Bill would let Medicaid pay for certified community health workers | News
A bill requiring Medicaid reimbursement for certain services provided by certified community health workers and streamlining their certification process awaits a plenary vote.
CHWs are not medically trained, but are trained as patient advocates who come from the communities they serve. They help their clients coordinate care, provide access to medical, social, and environmental services, improve health literacy, and provide disease prevention and self-management education.
|Representative Kim Moser speaking at a news event on February 17
conference on HB 525. (Photo from the press release)
“What makes community health workers unique is not that they are necessarily clinical professionals, but rather that they are the lead in helping individuals understand what resources are available,” said Kim Moser, R- Taylor Mill, noted during a press conference on the bill in a video from the Kentucky Primary Care Association.
The federal Bureau of Labor Statistics said Kentucky had 1,350 CHWs as of May 2020, with an average annual salary of $37,320.
House Bill 525sponsored by Moser, would require the Department of Medicaid Services seek federal government approval for a state plan amendment, waiver, or alternative payment model, including public-private partnerships, for services provided by certified CHWs.
Teresa Cooper, director of government affairs at KPCA, said in an email that CHWs are hired as staff by a facility, but their services cannot be billed to Medicaid or private insurance. “This legislation would allow the clinic to charge for its services and receive reimbursement or count them towards its operating costs,” she said.
The bill would also require CHWs to be employed and supervised by a Medicaid-participating provider and states that as of January 1, 2023, “no one shall hold themselves out as a community health worker unless they are certified as such” in accordance with the provisions of the law.
The bill was passed by the House Health and Family Services Committee, chaired by Moser, on February 24. She pointed out a Kentucky House study that found that between July 2001 and June 2021, community health workers realized a return on investment of $11.32 saved for every dollar invested in their services.
“The cost-benefit analysis showed this to be a very productive use of our taxpayers’ money,” she said, adding that because Kentucky expanded Medicaid under the Patient Protection and Affordable Care Act In 2014, the program serves 1.6 million Kentuckians, about one of every three.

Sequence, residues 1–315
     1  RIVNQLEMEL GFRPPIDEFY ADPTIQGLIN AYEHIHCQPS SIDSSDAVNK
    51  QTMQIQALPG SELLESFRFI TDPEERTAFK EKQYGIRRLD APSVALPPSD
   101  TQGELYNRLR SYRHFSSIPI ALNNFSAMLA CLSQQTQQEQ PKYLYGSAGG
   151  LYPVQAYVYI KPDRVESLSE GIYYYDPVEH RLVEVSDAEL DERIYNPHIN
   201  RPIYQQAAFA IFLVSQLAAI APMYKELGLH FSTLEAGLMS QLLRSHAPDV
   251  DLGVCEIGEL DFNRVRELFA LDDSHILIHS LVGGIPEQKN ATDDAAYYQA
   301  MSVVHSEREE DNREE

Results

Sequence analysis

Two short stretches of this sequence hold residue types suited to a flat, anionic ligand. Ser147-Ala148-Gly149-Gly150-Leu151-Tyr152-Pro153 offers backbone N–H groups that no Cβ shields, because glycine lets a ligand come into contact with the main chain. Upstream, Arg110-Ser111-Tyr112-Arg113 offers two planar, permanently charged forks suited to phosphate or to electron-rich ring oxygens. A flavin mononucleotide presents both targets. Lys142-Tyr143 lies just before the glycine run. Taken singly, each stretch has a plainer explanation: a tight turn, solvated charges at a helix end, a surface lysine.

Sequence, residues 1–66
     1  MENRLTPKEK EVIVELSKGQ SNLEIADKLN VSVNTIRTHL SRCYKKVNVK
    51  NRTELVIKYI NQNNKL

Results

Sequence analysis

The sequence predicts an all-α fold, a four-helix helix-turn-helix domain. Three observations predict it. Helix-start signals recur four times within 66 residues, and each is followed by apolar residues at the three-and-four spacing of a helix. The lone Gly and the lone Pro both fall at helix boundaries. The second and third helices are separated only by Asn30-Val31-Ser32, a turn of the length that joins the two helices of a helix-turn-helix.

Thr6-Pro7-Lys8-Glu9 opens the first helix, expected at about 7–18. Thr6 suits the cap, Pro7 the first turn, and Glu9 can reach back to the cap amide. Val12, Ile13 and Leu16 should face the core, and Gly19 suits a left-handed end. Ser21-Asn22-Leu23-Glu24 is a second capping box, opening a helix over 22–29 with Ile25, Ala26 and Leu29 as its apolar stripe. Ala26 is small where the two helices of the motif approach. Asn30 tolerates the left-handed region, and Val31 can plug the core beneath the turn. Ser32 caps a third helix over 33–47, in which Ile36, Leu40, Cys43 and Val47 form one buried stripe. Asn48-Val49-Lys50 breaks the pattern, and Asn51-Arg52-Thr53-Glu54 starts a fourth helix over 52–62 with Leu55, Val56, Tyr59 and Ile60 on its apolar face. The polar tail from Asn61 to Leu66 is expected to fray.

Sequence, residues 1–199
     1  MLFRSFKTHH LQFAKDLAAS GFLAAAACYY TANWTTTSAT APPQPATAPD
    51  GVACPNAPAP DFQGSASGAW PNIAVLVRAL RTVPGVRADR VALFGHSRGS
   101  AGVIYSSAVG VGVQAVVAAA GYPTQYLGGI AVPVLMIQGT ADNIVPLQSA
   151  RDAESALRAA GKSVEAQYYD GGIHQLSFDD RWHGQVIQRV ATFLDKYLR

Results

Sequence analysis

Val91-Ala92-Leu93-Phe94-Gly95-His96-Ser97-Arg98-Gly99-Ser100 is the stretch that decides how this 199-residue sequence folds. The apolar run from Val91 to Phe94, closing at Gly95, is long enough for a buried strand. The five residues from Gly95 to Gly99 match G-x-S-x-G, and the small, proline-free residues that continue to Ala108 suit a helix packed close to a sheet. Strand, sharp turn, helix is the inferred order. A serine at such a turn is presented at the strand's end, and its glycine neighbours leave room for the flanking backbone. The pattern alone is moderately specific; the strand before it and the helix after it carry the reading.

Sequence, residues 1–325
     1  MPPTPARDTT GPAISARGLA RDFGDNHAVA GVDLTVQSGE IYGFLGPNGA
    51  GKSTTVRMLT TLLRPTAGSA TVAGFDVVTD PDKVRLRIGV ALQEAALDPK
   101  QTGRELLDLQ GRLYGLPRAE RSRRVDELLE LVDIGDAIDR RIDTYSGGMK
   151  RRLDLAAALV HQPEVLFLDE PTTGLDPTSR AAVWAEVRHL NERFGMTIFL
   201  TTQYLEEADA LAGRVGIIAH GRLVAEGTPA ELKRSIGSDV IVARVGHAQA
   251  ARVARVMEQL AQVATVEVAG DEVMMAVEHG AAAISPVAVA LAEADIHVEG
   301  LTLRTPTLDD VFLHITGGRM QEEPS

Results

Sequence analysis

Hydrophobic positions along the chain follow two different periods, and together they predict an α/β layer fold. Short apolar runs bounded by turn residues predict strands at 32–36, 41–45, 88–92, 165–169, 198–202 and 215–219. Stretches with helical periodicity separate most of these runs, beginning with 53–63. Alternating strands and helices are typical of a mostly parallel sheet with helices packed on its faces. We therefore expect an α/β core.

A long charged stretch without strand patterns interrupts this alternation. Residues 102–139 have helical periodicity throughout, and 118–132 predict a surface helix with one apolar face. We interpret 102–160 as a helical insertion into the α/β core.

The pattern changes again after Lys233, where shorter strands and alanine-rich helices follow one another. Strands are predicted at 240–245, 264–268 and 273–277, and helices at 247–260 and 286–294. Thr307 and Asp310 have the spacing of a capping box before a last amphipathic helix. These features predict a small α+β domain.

“We know it’s time, because of this Medicaid expansion, to really focus our Medicaid dollars more and work on programs that work,” Moser said.
Emily Beauregard, director of Kentucky Voices for Healthsaid Moser’s bill, if passed, could be a game-changer by providing a sustainable source of funding for community health workers in Kentucky.
“House Bill 525 creates a very, very important pathway to expand our current network of community health workers,” Beauregard said.
Pamela L. Spradling, CSA with Big Sandy Health Carea federally qualified health center in Prestonsburg that covers five counties said its CHWs are currently paid as staff or through grants.
When asked what it would mean for them to be able to bill Medicaid, she replied, “It would be huge for us because it would mean the sustainability of our program…we wouldn’t have to constantly worry about where to go. where to come from to pay our community health workers.” She added that the challenge with grant funding is that when the grant money runs out, so does the CHW program.
Spradling also spoke about the value of CSAs in changing health outcomes, noting that 62% of their 150 diabetic patients who have CSAs saw a 2.5-point reduction in their A1C, and some of them with even higher discounts. An A1C is a blood test for diabetes that measures your average blood sugar over the past three months. A normal A1C level is below 5.7%.
Tiffany Taul Scruggs, Certified CHW and Patient Services Coordinator for sterling health carea federally licensed health center based in Mount Sterling, said CHWs at its facility were either on staff or paid through grants.
“If we could bill Medicaid, we could probably hire more community health workers just because we have such a large population in our coverage area,” she said. “It would be wonderful if we could invoice.”
“I am proud to say that our transportation service provided just under 1,300 rides to our most vulnerable population in 2021,” she said in a statement prepared for the House committee. “The team consists of a full-time driver, a recently hired part-time driver, two outreach and registration specialists and three community health workers ready to assist our patients in case of need.”
Tammy Collett, Cumberland River Regional Manager for Mountain Comprehensive Health Corp. in Whitesburg, said in an email that funding for their CHWs is provided by a grant from Marshall University, The University of Chicago and the Merck Foundation. She said the goal of this grant program is to demonstrate the effectiveness of using CHWs to improve health outcomes and quality of life.
“We hope payers will recognize the benefits of CHWs and consider coverage for their services,” Collett said.